very attractive men. It’s a strange aversion, but I needed to give my character
a flaw to overcome, so I came up with that. It seems to work.
I remember when gray was the new neutral back in the
1980s. It’s back! Do home fashions recur like clothing fashions? What’s so good
about drab gray?
Trends in fashion and colors do come back. I hope we don’t see a
resurgence of avocado appliances anytime soon. Gray makes for a good neutral,
but it is important to select the right color of gray. Gray with a dark
undertone can make a room look drab and gloomy. Gray with a bit more blue or
lighter undertones can give a room more life. The base colors used to create a
paint color determine the undertone. For example, bright fire engine red will
have a lot of yellow in it, while darker red will have blue in it. Consulting a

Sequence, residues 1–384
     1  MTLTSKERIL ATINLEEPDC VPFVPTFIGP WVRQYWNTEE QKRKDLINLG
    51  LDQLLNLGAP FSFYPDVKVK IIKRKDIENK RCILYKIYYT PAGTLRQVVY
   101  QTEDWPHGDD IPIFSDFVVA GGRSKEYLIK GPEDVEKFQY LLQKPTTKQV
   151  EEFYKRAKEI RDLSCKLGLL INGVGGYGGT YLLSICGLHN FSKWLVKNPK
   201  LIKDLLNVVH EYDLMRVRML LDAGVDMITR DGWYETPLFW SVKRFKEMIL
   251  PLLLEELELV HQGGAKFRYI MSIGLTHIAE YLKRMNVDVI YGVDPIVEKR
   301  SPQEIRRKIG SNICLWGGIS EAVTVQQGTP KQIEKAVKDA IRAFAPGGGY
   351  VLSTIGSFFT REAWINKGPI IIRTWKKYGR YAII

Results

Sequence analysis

home stager about colors can save homeowners from making wrong color choices.
I don’t think Sister Madeleine was right to ask
Laura to exonerate Monica. We’re required to forgive, but we are not required
to get involved and help bullies who tormented us in our youth. Why would Laura
succumb to the Sister’s wheedling?
Sister Madeleine played a pivotal role in Laura’s life. She was
Laura’s teacher in the second grade, and when she became aware of Laura’s
dismal home life, she nurtured her friendship with Nita Martino, hoping that
Nita’s large and fun-loving Italian-American family would take her under their